“The breakdown of the science-policy interface mechanism in the Rotterdam Convention undermines the realization of the human right to science and the effectiveness of the instrument. Governments have a duty to align their policies with the best” available scientific evidence.
UN Special Rapporteurs statement

Europe: BWI’s “Make it happen” campaign sweeps Pan Europe

On International Workers Memorial Day, BWI affiliates across the Pan European region gathered together to raise their voices and demand that occupational health and safety become a reality in every workplace across the continent.

Over the last year, BWI affiliates throughout Europe signed over 100 Declarations with employers and employer associations to recognise occupational health and safety as a fundamental worker’s right. Many BWI affiliates decided this year to return to employers who have signed the said declarations and meet with workers to see if the situation had improved over the year.

Tajikistan’s building workers union was able to arrange 27 union meetings with 500 workers employed in different construction sites. Workers voiced their full support for BWI “Make It Happen” campaign as they conceded that occupational health and safety remains a major concern in the construction industry.

Over 50 activities were organised by BWI affiliates across Europe to support BWI’s “Make it Happen” campaign, including meetings with workers, issuance of trade union statements and videos, TV interviews, conferences, and workshops.

BWI news

Asia-Pacific: OHS as a right, make it happen! #iwmd23

37 unions throughout the Asia Pacific region organized various mobilisations, concerted actions, and other activities to support the adoption of workplace health and safety as a fundamental worker right. This was in response to BWI’s call to its affiliates to push governments and employers to implement the said right as it marked the 2023 International Workers’ Memorial Day. The unions in India, Nepal, Cambodia, Bangladesh, Malaysia, Sri Lanka, Pakistan, Indonesia, Myanmar, South Korea, and the Philippines organised demonstrations, held meetings to raise awareness on workplace safety, and distributed free personal protective equipment (PPE). In other places, unions and the employers  collaborated on joint actions to reaffirm their commitment to upholding safe and healthy working conditions.

In Nepal, the BWI-Nepal Affiliates Committee (BWI-NAC) organised a campaign action at a construction site in Bhaktapur. Crecentia Mofokeng, BWI Regional Representative for Africa-MENA, joined the activity. She was in Nepal for the Homenet International Congress.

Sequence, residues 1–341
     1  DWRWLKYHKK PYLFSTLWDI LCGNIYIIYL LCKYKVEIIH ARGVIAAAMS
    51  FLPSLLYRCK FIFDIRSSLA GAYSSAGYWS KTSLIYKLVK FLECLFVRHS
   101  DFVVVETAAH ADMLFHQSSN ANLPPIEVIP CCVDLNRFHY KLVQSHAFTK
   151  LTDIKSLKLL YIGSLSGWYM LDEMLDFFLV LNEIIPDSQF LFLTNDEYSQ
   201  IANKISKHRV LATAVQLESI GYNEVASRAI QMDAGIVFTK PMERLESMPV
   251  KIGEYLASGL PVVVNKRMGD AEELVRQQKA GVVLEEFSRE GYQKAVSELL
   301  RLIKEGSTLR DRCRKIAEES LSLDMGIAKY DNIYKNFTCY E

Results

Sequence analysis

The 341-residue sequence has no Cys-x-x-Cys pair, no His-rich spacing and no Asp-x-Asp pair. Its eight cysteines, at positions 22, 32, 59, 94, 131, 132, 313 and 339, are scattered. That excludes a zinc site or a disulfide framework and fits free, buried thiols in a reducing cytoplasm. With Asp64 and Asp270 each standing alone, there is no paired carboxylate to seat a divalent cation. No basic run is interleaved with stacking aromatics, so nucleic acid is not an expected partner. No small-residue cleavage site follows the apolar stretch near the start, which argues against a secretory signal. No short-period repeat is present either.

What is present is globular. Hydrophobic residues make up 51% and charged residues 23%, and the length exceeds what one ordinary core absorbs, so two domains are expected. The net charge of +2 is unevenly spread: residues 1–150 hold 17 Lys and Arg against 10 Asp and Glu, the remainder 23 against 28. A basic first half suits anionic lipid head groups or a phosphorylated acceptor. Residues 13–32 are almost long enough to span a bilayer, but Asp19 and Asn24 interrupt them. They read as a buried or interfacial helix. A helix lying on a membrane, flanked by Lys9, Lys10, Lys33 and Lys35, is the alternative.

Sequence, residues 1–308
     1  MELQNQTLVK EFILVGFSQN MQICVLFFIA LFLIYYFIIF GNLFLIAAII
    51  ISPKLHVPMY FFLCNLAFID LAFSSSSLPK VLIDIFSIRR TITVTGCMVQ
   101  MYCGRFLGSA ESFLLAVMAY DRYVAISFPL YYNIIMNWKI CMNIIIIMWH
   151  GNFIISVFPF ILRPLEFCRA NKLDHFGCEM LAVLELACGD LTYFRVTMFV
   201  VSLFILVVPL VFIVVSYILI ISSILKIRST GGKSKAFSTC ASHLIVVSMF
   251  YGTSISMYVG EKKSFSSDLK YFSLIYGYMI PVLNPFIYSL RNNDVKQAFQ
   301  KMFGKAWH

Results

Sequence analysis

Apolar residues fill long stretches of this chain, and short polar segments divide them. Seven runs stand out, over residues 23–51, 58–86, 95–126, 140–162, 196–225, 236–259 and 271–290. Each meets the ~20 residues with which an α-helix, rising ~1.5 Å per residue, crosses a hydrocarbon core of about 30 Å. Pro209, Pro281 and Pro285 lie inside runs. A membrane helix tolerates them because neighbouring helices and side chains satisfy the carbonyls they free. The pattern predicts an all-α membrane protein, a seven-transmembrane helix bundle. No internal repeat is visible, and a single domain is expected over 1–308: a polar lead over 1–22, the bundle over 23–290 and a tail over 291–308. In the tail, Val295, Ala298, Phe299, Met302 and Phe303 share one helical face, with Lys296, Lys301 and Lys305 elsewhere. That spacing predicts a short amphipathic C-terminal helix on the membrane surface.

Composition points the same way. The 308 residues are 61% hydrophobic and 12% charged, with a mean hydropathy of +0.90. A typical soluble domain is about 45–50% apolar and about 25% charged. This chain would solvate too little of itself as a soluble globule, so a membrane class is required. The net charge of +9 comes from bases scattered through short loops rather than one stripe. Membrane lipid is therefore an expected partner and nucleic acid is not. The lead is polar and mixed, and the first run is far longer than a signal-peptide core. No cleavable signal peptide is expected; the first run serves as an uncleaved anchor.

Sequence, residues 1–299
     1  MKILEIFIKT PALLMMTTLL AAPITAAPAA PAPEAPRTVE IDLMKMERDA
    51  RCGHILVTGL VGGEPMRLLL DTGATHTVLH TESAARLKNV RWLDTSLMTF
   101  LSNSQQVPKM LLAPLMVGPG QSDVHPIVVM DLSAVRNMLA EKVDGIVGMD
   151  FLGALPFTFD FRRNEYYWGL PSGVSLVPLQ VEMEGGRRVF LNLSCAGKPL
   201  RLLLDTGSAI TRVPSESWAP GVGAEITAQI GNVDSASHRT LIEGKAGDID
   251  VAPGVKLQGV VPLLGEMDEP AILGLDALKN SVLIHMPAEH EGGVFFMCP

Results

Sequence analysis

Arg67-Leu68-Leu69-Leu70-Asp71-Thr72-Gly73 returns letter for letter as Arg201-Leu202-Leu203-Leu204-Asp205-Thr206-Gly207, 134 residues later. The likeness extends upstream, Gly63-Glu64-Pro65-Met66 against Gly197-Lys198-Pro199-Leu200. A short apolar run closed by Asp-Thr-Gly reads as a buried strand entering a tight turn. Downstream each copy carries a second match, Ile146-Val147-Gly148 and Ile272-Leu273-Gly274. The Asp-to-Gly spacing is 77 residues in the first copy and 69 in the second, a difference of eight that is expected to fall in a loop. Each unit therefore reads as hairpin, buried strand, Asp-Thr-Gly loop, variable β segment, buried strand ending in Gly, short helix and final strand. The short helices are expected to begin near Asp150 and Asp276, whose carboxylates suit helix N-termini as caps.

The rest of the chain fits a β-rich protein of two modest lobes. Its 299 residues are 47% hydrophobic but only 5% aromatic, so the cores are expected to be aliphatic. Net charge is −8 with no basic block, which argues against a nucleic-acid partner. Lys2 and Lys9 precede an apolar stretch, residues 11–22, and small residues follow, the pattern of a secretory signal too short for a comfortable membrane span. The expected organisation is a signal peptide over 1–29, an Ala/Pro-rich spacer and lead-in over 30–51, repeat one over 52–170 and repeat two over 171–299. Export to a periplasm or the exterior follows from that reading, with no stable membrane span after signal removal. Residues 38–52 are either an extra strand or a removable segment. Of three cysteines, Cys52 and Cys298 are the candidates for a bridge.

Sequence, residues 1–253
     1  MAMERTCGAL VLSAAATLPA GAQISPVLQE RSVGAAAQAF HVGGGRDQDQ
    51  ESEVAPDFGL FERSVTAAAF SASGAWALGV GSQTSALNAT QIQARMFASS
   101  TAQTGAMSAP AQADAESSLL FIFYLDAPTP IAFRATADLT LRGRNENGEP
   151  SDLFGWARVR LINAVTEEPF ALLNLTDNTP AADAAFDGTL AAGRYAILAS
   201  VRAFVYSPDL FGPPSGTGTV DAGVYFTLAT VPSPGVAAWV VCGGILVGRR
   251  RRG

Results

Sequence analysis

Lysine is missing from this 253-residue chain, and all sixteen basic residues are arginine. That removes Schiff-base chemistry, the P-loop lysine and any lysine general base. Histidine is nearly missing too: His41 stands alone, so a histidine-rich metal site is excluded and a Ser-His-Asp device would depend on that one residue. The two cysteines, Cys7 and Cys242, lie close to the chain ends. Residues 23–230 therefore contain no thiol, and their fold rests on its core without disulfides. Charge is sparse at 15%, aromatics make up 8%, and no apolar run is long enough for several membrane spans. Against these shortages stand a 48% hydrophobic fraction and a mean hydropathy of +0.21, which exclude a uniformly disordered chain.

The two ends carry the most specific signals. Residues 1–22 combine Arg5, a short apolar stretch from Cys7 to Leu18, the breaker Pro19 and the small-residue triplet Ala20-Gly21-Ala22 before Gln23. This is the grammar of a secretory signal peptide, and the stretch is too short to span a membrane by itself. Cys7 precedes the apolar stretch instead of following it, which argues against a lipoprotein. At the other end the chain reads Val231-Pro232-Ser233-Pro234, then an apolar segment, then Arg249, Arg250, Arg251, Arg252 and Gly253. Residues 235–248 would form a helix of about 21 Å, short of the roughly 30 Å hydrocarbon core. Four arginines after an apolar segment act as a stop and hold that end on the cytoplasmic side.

In South India, the TKTMS organised a march that culminated in a town hall meeting attended by construction industry employers’ representatives. The INCWF sponsored a health and safety training at two cement plants in the state of Karnataka. At the same time, the Rajasthan state’s RPKNMS and AHBWU held popular activities to raise OSH awareness among stone quarry employees. Elsewhere in India, BWI affiliates TCTU, AIKTMS, DANMU, MAMU, NMPS, CFBWU, OKKS, OFMFPWU, RWO, INBCWF, SGEU, PMLU, AHPWDIPHCWU, CLU, HKMP, BMS, BMS Gujarat, BNKMU, UPGMS, and KSCWCU also reported IWMD-themed events.

For its part, the ACE-EU in Pakistan convened a joint training with employer representatives to promote OSH as a fundamental and implementable right of workers., while the PFBWW called for a workers’ meeting at  the IFI-funded Tarbela Dam infrastructure project and the BWF led awareness activities in the brick kiln industry.

Meanwhile, health and safety rallies and meetings, led by BBWWF and BSBWWF, dominated the marking of the IWMD in Sri Lanka.

The NUBCW organised a legal and advocacy course in the Philippines to lobby for the implementation of OHS laws in the country. In addition, the NUBCW held an anti-sexual harassment training and lecture for Engineering Equipment Incorporated unions, as well as their human resource professionals and workers.

The SERBUK in Indonesia and the BWTUC in Cambodia honoured the day with a series of campaign actions and mass mobilisations. They asked their respective governments to prioritise workers’ health and safety and their right to safe workplaces.

Finally, Malaysia’s UFES, TEUPM, and STIEU, as well as Myanmar’s BWFM, continued OSH campaigns to raise

Europe: Continuing the call for change for worker’s health – Eurocadres

Where do we stand on this workers memorial day?
IWMD 23 EU graphicrev

April 28th is widely known as both International Workers Memorial Day and World Day for Safety and Health at Work, but recent findings show that commemoration and awareness raising are failing to alleviate the plight of workers.